This is a sad picture of the distressing event, but I have not clothed it in the exaggerated garb some versions bore at the time the circumstance happened.

There are some few who are exempt from the actual necessity of fasting during Rumzaun; the sick, the aged, women giving nourishment to infants, and those in expectation of adding to the members of the family, and very young children, these are all commanded not to fast.[7] There is a latitude granted to travellers also; but many a weary pilgrim whose heart is bent heavenward will be found taking his rank amongst the Rozedhaars of the time, without deeming he has any merit in refraining from the privileges his code has conferred upon him; such men will fast whilst their strength permits them to pursue their way.

Towards the last week of Rumzaun the haggard countenances and less cheerful manners of the fasting multitude seem to increase, but they seldom relax unless their health is likely to be much endangered by its continuance.

The conclusion of the month Rumzaun is celebrated as an Eade[8] (festival), and, if not more splendid than any other in the Mussulmaun calendar, it is one of the greatest heart-rejoicing days. It is a sort of thanksgiving day amongst the devout people who have been permitted to accomplish the task; and with the vulgar and ignorant, it is hailed with delight as the season of merriment and good living–a sort of reward for their month’s severe abstinence.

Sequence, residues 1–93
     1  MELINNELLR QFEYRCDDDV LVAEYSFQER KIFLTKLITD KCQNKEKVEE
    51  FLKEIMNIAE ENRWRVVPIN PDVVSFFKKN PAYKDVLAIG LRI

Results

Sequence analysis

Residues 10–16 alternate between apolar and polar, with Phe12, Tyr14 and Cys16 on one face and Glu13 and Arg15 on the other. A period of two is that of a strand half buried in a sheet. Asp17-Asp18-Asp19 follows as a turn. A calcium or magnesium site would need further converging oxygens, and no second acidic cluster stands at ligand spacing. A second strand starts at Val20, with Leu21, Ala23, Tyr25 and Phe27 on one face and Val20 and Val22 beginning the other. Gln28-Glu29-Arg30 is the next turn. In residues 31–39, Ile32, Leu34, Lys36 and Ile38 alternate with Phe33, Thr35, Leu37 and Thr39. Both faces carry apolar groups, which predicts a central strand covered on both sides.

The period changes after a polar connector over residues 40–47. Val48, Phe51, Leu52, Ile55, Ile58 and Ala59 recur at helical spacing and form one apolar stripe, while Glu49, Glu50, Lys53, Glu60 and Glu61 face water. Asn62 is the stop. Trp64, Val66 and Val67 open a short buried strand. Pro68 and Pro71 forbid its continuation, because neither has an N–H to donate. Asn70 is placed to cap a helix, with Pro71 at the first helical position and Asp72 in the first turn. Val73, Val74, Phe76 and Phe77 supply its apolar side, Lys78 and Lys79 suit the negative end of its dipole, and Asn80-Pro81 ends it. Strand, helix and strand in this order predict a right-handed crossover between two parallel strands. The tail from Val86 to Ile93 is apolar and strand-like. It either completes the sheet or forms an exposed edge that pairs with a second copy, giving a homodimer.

The namaaz of the morning, and the prayer for Eade, commence with the dawn; after which the early meal of Eade is looked forward to with some anxiety. In every house the same dainties are provided with great exactness (for they adhere to custom as to a law): plain boiled rice, with dhie[9] (sour curd) and sugar, forms the first morning repast of this Eade; dried dates are eaten with it (in remembrance of the Prophet’s family, whose greatest luxury was supposed to be the dates of Arabia).[10] A preparation of flour (similar to our vermicelli)[11] eaten with cold milk and sugar, is amongst the good things of this day, and trifling as it may appear, the indulgence is so great to the native population, that they would consider themselves unfortunate Rozedhaars, if they were not gratified, on this occasion, with these simple emblems of long-used custom. The very same articles are in request in Mussulmaun society, by this custom, from the King to the meanest of his subjects.